China-U.S. feud heats up with sanctions against U.S. arms suppliers to Taiwan

Beijing could take specific measures to hurt four American military hardware firms, says tabloid

Amid growing trade tensions with the United States, China is amplifying its decision to sanction U.S. companies that would be involved in weapon sales to Taiwan, demonstrating Beijing’s resolve to defend its “one-China” principle.

The state-run tabloid Global Times, earlier this week, nailed specific steps that China can take to hurt four American military hardware firms — General Dynamics, the maker of the M1A2T tanks, Raytheon, the manufactures of Stinger missiles, as well as tank equipment contractors, BAE and Oshkosh.

On July 8, the U.S. Defence Department notified Congress of its proposed arms sales to Taiwan. These included 108 M1A2T Abrams tanks, as well as Hercules armoured vehicles and heavy equipment transporters. Besides, congressional clearance was also sought for the sale of Stinger anti-aircraft missiles, worth $ 220 million. Analysts say that congressional approval of the military sales was merely a formality.

The Chinese threat comes when the U.S. was considering harsh actions against Huawei, the Chinese tech giant, and a market leader in cutting edge 5G technology.

Analysts say that China now has the tool kit to retaliate against the U.S. decision on arms sales to Taiwan. For instance, China as the third-largest buyer of Gulfstream executive jets built by General Dynamics can seriously upset the company’s balance sheet, should it decide to restrict imports. China is also a big purchaser of aircraft rescue and fire-fighting vehicles produced by Oshkosh Corporation, using the equipment in more than 60 domestic airports.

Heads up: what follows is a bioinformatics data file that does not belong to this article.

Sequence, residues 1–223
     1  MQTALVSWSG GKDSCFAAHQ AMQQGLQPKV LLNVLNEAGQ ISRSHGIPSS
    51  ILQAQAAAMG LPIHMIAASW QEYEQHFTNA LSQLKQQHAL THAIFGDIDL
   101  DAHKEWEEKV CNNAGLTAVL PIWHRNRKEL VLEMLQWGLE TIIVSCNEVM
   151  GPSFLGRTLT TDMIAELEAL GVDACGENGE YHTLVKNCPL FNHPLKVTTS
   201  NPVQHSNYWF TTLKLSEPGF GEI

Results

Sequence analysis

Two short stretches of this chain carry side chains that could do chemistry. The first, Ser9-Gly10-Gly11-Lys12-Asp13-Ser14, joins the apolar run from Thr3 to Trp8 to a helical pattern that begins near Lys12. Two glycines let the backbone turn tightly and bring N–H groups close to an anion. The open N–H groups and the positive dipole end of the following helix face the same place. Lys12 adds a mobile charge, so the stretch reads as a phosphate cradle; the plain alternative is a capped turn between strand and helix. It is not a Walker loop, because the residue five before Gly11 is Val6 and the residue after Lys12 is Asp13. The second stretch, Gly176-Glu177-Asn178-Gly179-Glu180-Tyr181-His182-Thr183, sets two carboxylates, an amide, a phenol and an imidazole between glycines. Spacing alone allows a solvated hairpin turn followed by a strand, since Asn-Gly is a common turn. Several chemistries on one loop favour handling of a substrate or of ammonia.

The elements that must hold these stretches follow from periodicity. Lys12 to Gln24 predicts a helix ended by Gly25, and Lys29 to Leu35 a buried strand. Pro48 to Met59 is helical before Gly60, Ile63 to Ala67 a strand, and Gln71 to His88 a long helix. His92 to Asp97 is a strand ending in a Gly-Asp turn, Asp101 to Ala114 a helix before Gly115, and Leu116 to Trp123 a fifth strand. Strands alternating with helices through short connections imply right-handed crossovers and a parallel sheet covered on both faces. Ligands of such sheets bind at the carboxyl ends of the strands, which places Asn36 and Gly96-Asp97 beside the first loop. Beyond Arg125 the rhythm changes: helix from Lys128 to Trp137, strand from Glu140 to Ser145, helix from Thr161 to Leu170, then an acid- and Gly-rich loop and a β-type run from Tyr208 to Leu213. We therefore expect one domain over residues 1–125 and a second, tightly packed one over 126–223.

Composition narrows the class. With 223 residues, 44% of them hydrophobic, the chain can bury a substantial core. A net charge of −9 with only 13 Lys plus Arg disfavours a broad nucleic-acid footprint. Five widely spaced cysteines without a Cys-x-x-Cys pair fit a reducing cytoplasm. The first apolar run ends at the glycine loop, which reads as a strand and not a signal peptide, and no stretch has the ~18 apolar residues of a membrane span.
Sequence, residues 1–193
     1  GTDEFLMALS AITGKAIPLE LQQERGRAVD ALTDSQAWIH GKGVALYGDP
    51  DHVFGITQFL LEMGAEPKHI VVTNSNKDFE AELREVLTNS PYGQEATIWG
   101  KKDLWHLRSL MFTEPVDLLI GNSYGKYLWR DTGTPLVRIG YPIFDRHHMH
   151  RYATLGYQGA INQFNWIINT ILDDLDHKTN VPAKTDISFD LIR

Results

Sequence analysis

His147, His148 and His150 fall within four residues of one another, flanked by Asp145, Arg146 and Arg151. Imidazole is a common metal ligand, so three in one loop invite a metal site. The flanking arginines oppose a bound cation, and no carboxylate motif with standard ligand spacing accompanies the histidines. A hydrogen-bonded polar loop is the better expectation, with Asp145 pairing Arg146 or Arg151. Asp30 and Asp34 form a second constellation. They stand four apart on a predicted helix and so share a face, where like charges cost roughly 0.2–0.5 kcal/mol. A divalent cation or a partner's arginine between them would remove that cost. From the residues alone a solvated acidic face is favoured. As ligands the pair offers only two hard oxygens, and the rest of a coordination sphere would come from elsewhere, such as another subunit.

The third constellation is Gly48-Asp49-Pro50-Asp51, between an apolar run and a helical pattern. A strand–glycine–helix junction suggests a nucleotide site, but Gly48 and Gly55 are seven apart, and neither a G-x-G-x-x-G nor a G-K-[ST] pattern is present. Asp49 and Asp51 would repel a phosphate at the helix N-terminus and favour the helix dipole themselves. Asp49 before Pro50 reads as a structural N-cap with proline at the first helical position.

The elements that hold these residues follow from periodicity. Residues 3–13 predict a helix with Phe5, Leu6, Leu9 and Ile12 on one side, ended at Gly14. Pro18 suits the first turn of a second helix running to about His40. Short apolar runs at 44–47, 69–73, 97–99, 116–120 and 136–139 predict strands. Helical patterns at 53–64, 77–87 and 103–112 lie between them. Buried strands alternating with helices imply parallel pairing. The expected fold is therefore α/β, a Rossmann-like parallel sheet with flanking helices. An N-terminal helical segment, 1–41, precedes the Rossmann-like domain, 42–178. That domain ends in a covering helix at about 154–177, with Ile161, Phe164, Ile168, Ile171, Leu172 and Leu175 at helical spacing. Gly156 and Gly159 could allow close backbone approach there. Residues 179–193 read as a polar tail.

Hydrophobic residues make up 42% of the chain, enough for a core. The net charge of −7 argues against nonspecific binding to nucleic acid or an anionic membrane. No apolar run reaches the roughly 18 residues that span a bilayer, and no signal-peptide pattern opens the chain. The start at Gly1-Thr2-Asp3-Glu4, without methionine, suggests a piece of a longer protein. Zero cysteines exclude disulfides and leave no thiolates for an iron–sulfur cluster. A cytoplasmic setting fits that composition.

Rare earth material

According to a Global Times report, China can more fundamentally disrupt parts of the supply chain, including export of rare earth material, used by U.S. military firms.

“Rare earth, the industry which is largely controlled by China, is imperative in making advanced weapons and equipment. For instance, the M1A2 tank of General Dynamics uses samarium-cobalt in its navigation system,” the daily said, citing a 2011 report that appeared in the UK-based Daily Telegraph.

The Global Times report cited Xu Guangyu, a senior consultant at the China Arms Control and Disarmament Association, as saying that, “A final product is based on many components built by a whole industrial chain in which China plays important roles…” He pointed out that China could freeze the industrial chains related to these companies, or stop providing certain base materials.

New levers of influence

China’s unprecedented decision on sanctions signals that Beijing has acquired, and is willing to use, new levers of influence in its dealings with Washington.

Eurasia Group, an international think tank said that the Chinese decision to sanction U.S. military firms was “very significant”.

“If China follows through on sanctioning the U.S. companies involved in the arms sale, it will be the first time it has taken this kind of action,” it observed.

An editorial in the Global Times asserted that the U.S. attaches greater importance to China’s recently announced sanctions on U.S. firms because China is growing stronger. “We are more capable of safeguarding our national interests and launching precise counter-attacks on entities that harm China’s interests and national security,” it observed.

In announcing its intent to impose sanctions, the Chinese Foreign Ministry said the defence of the “one China principle,” which implies that Taiwan is an integral part of China, was the underlying principle behind the decision. “U.S. arms sales to Taiwan constitute a serious violation of international law and the basic norms governing international relations. This is a serious violation of the one-China principle and the three China-U.S. Joint Communiques,” Chinese Foreign Ministry spokesperson Geng Shuang has said.

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